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How common is it to suffer injuries or harm in a nursing home?

On Behalf of | Oct 17, 2014 | Firm News, Nursing Home Neglect |

It is estimated that nearly 40 percent of people who are over the age of 65 will at some point in their lives spend some time in a nursing home. Keeping that estimate in mind, our readers will find it alarming to learn that according to a study conducted by the U.S. Department of Health and Human Services, which primarily focused on skilled nursing care, found that nearly 22 percent of the patients at such facilities suffered some kind of long-lasting harm while another 11 percent suffered some kind of temporary harm. Additionally, the study found that nearly 1.5 percent of the patients lost their lives in such facilities due to substandard care.

In general, a skilled nursing care facility is defined as a nursing home where a patient who has been discharged from an acute care hospital goes for up to 35 days for care or treatment. Alarmingly, the study found that most of the errors that occurred at the nursing homes were preventable and ranged from medication errors, blood clots, kidney failure, excessive bleeding due to the administration of anti-coagulants, and fluid imbalances.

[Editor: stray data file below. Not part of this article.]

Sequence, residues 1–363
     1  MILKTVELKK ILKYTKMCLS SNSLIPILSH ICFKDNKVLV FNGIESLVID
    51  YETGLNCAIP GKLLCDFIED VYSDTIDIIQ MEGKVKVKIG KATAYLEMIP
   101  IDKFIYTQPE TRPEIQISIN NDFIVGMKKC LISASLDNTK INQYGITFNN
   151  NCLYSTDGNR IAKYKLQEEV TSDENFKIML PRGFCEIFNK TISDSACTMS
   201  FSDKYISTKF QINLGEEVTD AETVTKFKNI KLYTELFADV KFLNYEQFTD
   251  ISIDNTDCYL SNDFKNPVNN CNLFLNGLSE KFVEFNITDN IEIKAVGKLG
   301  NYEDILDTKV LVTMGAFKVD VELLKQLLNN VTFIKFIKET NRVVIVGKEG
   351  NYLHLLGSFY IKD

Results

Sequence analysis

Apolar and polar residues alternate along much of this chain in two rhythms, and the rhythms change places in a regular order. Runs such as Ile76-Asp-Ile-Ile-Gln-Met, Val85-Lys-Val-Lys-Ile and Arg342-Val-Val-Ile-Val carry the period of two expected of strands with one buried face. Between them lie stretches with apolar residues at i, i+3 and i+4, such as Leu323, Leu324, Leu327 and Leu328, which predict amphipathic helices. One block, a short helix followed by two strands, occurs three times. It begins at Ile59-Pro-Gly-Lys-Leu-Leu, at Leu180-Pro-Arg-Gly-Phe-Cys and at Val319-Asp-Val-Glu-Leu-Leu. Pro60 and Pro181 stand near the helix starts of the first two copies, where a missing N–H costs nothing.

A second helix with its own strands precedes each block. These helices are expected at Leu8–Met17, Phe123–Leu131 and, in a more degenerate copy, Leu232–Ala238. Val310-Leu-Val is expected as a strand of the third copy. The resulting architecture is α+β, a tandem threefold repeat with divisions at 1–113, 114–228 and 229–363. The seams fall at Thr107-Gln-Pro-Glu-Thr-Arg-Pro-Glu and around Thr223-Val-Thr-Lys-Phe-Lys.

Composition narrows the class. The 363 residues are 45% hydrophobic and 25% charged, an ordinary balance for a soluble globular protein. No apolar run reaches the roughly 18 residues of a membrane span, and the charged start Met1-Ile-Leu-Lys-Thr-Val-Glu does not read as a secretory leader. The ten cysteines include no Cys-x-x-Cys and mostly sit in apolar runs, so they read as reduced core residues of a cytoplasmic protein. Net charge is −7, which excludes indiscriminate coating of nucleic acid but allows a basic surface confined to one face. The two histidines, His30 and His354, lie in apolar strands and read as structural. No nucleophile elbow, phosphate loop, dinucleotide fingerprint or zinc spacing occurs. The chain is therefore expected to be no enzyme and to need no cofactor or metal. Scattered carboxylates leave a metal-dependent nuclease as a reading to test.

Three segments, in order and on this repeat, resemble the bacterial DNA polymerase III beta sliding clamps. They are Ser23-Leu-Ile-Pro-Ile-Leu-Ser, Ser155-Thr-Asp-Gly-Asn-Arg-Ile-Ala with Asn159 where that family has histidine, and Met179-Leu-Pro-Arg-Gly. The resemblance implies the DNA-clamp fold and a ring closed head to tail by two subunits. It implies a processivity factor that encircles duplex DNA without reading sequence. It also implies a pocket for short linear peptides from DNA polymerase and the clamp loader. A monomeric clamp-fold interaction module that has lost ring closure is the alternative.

At any healthcare facility, which a nursing home is, patients and their family expect a reasonable standard of care. However, the study found that a number injuries and deaths that were caused at nursing home facilities were due to substandard care, inadequate monitoring of patients and delays or complete failure to provide the patient with the necessary care. In fact, in one case, because caregivers at the nursing home did not recognize symptoms, the patient sustained a lung collapse, later had an adverse reaction to a medication administered, a blood clot, and consequently had to be transferred to a hospital for treatment.

A 2010 report by DHHS estimated that nearly 180,000 patients die annually because of substandard care. However, other estimates are higher.

Source: ProPublica, “One Third of Skilled Nursing Patients Harmed in Treatment,” Marshall Allen, March 3, 2014



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